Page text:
Under the heading “Faith for Freedom,” Miss Ward sets out to vanquish Marxism, using ancient civilizations as a sample of what to expect under communism. She says “It is the tragedy of Marxist communism that it restores the old fetters of fatality and tyranny.” She sees the capitalist epoch since the industrial revolution as a “breath taking experiment in freedom. . . .  A release from the shackles of tyrannical governments.” “We know from man’s long history that the Western experiment of freedom and responsibility is a flash in the pan, a spark in the longest night, an experiment bounded in space and time, and preceded by aeons of collective servitude.” While Communism, she says, “ is to step back into an older environment, to regress,” etc., etc.

There are many pages of eulogies of capitalism and prophetic warnings of man’s debasement by communism. She has visions of mankind under Communism reduced to the “mentality of bees and ants,” controlled by their environment and tyrannical governments. “Behind the concept of the withering away of the state lies not only the loss of freedom, but the loss of rationality and humanity itself.”

The totalitarian form of government is the nearest approach to Miss Ward’s vision of communism, but it is still capitalism. The Bolsheviks saw its possibilities as an alternative after their failure to establish Socialism. Italy and Germany followed the same pattern. While Hitler prophesied that “National Socialism” could serve capitalism for a thousand years, Truman said that an ideology cannot be fought by armed force, forgetting that they had put paid to “National Socialism” by that very means; making nonsense of Hitler's boast by further nonsense.

The difference between East and West from the workers' viewpoint, is that in the West they are free to organise industrially or politically for their own purposes as a class, while in the East they are circumscribed by the state ideology which it is a crime to question.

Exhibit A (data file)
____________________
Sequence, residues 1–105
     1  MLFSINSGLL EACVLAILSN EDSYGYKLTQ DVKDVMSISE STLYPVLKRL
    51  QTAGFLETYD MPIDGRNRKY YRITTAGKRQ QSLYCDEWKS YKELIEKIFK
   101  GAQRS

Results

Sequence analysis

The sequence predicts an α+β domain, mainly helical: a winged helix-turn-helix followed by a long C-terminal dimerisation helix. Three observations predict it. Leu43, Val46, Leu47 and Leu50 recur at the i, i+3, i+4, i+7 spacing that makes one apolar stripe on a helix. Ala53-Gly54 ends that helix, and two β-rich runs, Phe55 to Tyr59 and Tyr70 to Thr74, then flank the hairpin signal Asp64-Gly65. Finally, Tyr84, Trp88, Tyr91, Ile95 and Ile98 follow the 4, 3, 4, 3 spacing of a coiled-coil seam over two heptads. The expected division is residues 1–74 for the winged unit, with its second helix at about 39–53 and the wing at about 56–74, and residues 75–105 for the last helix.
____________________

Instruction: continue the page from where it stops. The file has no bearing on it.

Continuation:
But the quarrel between East and West is not over democracy. Nor is it a struggle for Socialism; but a struggle for supremacy in a capitalist world. And whichever side wins the workers will still be wage- slaves, submitting in apathy to the growth of the servile state pictured by Miss Ward, or by taking up the thread of human progress, and challenging the right of a privileged class to dictate the destiny of mankind, become responsible for the establishment of Socialism.

The task of utilising and extending all the advantages that have been achieved under capitalism can only be accomplished by those who understand its technical and scientific parts, those who have built it up by hand and brain, and are responsible for the working of the system from day to day, the only useful class; the working-class. That class has only to learn that it can produce and distribute for society far better without the incubus of trade, and without the repressive actions of class government, by their own democratic organisation. Without these encumbrances they could soon be free from the present nightmare of poverty and atom bombs.
F. Foan

Mr. Aldred — An Explanation (1952)

From the June 1952 issue of the Socialist Standard

In our issue for March we published an article, “Muddled Critic of the S.P.G.B.,” commenting on some remarks about the S.P.G.B. made by Mr. Guy Aldred in his journal “The Word.”

In the April issue of “The Word” Mr. Aldred published our article in full and said that he intends to reply to it in his next issue.

In the meantime, in the April issue, he deals angrily with one passage in our article. Mr. Aldred had earlier written that the attitude of the S.P.G.B. at the 1951 election was “the result of its 1950 experience at the ballot-box.”

To this we replied: —
   "The S.P.G.B. was doing this right from its formation in 1904, which means that it was doing it at the time when Mr. Aldred applied for membership of the S.P.G.B., and in 1928 when he offered to give his support to S.P.G.B. candidates on certain conditions." .
Mr. Aldred says that we have knowingly made false statements, firstly in saying that he applied for membership, and secondly in saying that he did so in 1904. He says he did not apply for membership and that the incident in question did not happen in 1904 but in 1906.